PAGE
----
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Kane County divorce lawyer taxes withholdingGoing from married to divorced radically changes one’s finances. Instead of splitting bills with a partner, you now have to pay expenses on a single income. In addition to this, your taxes will likely change in several ways. In most cases, you can anticipate how your taxes will be affected by divorce, allowing you to alter your tax strategy accordingly.

Updating Income Tax Withholding

One area of your taxes you should review is whether you are withholding the right amount of taxes from your paycheck. Typically, married taxpayers who file together are taxed at a lower rate, and they may be able to claim certain deductions to reduce their tax burden.

When someone is no longer married, his or her tax liability will likely go up. If you do not change the amount withheld from your paycheck, you could face a large tax bill when filing your next tax return.

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Kane County alimony attorney Illinois spousal maintenance lawsFor many couples, spousal maintenance is an important issue to address during divorce. Alimony payments can help a lower-earning spouse maintain a standard of living similar to what they enjoyed while they were married, and they will also have a major impact on the finances of a higher-earning spouse. However, divorcing couples should be aware that there are significant changes in store for divorces which are finalized on or after January 1, 2019. On that date, both federal and state laws will be going into effect that will change the way courts award spousal maintenance and how alimony is treated for tax purposes.

Changes to Federal Law

At the federal level, alimony will no longer be tax deductible for the paying spouse. For the spouse receiving spousal maintenance, the new law does not require that spousal support be claimed as income. Experts generally agree that this will likely have the effect of smaller spousal maintenance payments, since more of the paying spouse’s income will go toward paying taxes.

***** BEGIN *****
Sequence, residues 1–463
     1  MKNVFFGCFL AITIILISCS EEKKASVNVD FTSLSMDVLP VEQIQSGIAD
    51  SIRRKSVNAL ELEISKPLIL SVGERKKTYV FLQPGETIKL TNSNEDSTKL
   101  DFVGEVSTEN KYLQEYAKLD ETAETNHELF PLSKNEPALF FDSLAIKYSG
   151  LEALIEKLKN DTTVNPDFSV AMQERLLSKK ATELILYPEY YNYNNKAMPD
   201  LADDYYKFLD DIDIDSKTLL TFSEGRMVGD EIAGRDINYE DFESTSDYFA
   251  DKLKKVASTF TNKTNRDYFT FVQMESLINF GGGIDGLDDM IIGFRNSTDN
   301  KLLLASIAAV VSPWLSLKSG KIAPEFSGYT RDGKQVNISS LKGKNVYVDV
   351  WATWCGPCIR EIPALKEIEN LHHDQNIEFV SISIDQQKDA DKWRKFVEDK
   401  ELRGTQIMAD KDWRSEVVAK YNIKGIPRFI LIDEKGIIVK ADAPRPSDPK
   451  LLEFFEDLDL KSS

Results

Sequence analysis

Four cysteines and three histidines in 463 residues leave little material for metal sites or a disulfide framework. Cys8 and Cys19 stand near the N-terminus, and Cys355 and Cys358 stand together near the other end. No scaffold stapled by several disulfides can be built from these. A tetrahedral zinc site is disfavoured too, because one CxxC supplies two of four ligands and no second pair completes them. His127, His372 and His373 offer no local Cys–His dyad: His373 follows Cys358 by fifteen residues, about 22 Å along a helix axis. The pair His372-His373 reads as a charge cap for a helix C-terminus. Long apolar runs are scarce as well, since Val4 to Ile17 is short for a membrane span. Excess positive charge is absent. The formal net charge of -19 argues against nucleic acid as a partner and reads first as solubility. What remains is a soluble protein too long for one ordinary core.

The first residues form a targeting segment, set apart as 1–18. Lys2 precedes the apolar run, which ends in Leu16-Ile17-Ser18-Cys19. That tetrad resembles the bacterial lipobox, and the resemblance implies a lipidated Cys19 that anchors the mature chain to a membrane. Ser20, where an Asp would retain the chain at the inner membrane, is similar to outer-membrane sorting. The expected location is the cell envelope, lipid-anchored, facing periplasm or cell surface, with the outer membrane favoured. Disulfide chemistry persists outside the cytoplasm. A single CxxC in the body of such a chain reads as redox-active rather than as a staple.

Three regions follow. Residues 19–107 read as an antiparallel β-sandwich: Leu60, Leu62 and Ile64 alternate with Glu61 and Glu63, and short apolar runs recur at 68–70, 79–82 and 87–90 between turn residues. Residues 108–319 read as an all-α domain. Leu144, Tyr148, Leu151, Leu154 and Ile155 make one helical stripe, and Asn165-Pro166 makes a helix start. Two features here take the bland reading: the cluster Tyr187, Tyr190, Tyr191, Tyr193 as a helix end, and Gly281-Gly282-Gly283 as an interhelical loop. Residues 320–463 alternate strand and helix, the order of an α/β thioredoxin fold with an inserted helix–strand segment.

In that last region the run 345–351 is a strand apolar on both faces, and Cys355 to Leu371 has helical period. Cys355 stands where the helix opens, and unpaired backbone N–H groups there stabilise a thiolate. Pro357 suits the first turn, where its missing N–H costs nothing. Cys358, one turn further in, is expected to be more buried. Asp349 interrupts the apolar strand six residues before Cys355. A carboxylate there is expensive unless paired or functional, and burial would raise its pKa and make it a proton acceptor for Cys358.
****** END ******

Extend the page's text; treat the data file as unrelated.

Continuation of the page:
Changes to Illinois Law

The state of Illinois has also changed its laws on spousal maintenance in two main respects. The first change to the law concerns how courts will decide if spousal support is appropriate at all between the spouses. Not every divorcing couple will qualify for spousal support. 

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St. Charles divorce taxes attorney tax reform maintenance mortgage interestLast December, Congress passed the Tax Cuts and Jobs Act of 2017, which represented the largest reform of the U.S. Tax Code in the past 30 years. This law made a wide variety of changes which will affect nearly everyone who pays taxes in the United States, and couples who are planning to get end their marriage should be sure to understand how this law will impact their divorce. Here are three areas of the tax law which will affect divorce cases:

  1. Spousal maintenance - For divorce agreements executed after December 31, 2018, maintenance (alimony) will no longer be tax deductible for the payor, and maintenance payments will no longer be includable as part of the recipient’s gross income. Divorcing spouses should be sure to understand how this change will affect their maintenance payments, and couples with a prenuptial agreement may need to update their agreement to reflect this change to the law.
  2. Mortgage interest - For new home loans taken out after December 14, 2017, the interest is only deductible for the first $750,000 of the mortgage for a first and second home. Taxpayers with existing mortgages can continue to deduct interest on a total of $1 million for a first and second mortgage. However, interest on home equity indebtedness (that is, mortgage debt that is not used to acquire, build, or improve a primary residence) is no longer deductible, even for currently existing home equity. Couples should be sure to understand how these changes will affect the tax implications of dividing real estate property during divorce.
  3. 529 plans - When parents use a Section 529 plan to save for their children’s educational expenses, they are able to withdraw funds from these plans to pay for college expenses without being subject to taxes. Under the Tax Cuts and Jobs Act, parents are now allowed to make tax-free distributions of up to $10,000 per beneficiary per year to pay tuition for elementary or secondary public, private, or religious school. Following divorce, parents may be able to use these funds to help pay for their children’s K-12 education.

Contact a Kane County Divorce Attorney

The full effects of the tax reform law are still being determined, and couples who are planning to divorce should be sure they understand how their finances will be affected by these changes. At Ariano Hardy Ritt Nyuli Richmond Lytle & Goettel P.C., we can work with you to address every legal and financial issue in your divorce, and we will advocate for your interests throughout the divorce process, ensuring that you will have the financial resources you need as you embark on the next phase of your life. Contact our Elgin divorce lawyers at 847-695-2400 to schedule a free consultation.

Sources:

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Illinois State Bar Association DuPage County Bar Association Kane County Bar Association DeKalb Bar Association
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